Celebrating the Eid-Ul –Adha in the True Spirit “Eid Mubarak”

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25 Aug, 18 09:15
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Celebrating the Eid-Ul –Adha in the True Spirit “Eid Mubarak” Eid-Al-Adha is one of the major holidays of Islam. According to Muslim tradition, it celebrates the sacrifice that Abraham was willing to make of his own son Ishmael when he was commanded to show his commitment to Allah. At Allah's direction, the angel Gabriel substituted a lamb for Ishmael, after Allah was convinced that Abraham would indeed sacrifice Ishmael to prove his faith.
On this day, Muslims celebrate in several ways. A large feast is the high point of the day. The name of the holiday, Eid Al-Adha, means "The Feast of the Sacrifice." An animal is sacrificed, in much the same way that Abraham sacrificed a lamb. One-third of the meat is given to the poor, and the rest goes to the holiday feast. Children get gifts to commemorate the holiday, and special prayers are said throughout the day.
Eid Al-Adha takes place on the 10th and last day of the Hajj, the celebration of holy pilgrimage to Mecca, in the 12th month of the Islamic lunar calendar. Muslims the world over are encouraged to make a pilgrimage to Mecca and celebrate.
During the Hajj, Muslims remember and commemorate the trials and triumphs of the Prophet Abraham.
One of Abraham's main trials was to face the command of Allah to kill his only son. Upon hearing this command, he prepared to submit to Allah's will. When he was all prepared to do it, Allah revealed to him that his "sacrifice" had already been fulfilled. He had shown that his love for his Lord superseded all others, that he would lay down his own life or the lives of those dear to him in order to submit to God.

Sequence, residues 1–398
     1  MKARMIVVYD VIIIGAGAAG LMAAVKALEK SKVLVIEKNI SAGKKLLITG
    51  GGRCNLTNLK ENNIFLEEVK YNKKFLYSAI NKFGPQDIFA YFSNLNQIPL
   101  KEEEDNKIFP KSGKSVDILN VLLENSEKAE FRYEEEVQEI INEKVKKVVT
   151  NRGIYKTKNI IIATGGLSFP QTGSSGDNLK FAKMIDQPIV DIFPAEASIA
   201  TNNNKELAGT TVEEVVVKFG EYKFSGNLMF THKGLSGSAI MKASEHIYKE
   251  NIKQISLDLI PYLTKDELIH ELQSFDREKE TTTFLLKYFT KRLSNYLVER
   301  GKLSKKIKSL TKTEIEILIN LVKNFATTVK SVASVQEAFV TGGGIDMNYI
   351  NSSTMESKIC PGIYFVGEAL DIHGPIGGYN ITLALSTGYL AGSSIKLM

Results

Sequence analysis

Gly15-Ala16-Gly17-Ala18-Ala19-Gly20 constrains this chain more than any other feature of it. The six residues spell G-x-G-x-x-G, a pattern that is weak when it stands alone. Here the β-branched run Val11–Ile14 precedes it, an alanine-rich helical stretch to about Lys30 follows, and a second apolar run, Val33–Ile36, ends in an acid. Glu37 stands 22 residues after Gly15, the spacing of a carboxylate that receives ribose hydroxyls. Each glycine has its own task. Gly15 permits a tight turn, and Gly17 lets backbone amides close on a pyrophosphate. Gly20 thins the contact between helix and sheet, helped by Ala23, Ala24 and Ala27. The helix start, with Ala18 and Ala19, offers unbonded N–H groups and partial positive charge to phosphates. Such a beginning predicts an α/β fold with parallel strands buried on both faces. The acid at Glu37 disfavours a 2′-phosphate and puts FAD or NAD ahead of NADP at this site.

The meat from the sacrifice of Eid al-Adha is mostly given away to others. One-third is eaten by immediate family and relatives, one-third is given away to friends, and one-third is donated to the poor. The act symbolizes our willingness to give up things that are of benefit to us or close to our hearts, in order to follow Allah's commands. It also symbolizes our willingness to give up some of our own bounties, in order to strengthen ties of friendship and help those who are in need. We recognize that all blessings come from Allah, and we should open our hearts and share with others.
The symbolism is in the attitude — a willingness to make sacrifices in our lives in order to stay on the Straight Path. Each of us makes small sacrifices, giving up things that are fun or important to us. A true Muslim, one who submits his or herself completely to the Lord, is willing to follow Allah's commands completely and obediently. It is this strength of heart, purity in faith, and willing obedience that our Lord desires from us.On the first morning of Eid al-Adha, Muslims around the world attend morning prayers at their local mosques. Prayers are followed by visits with family and friends, and the exchange of greetings and gifts.
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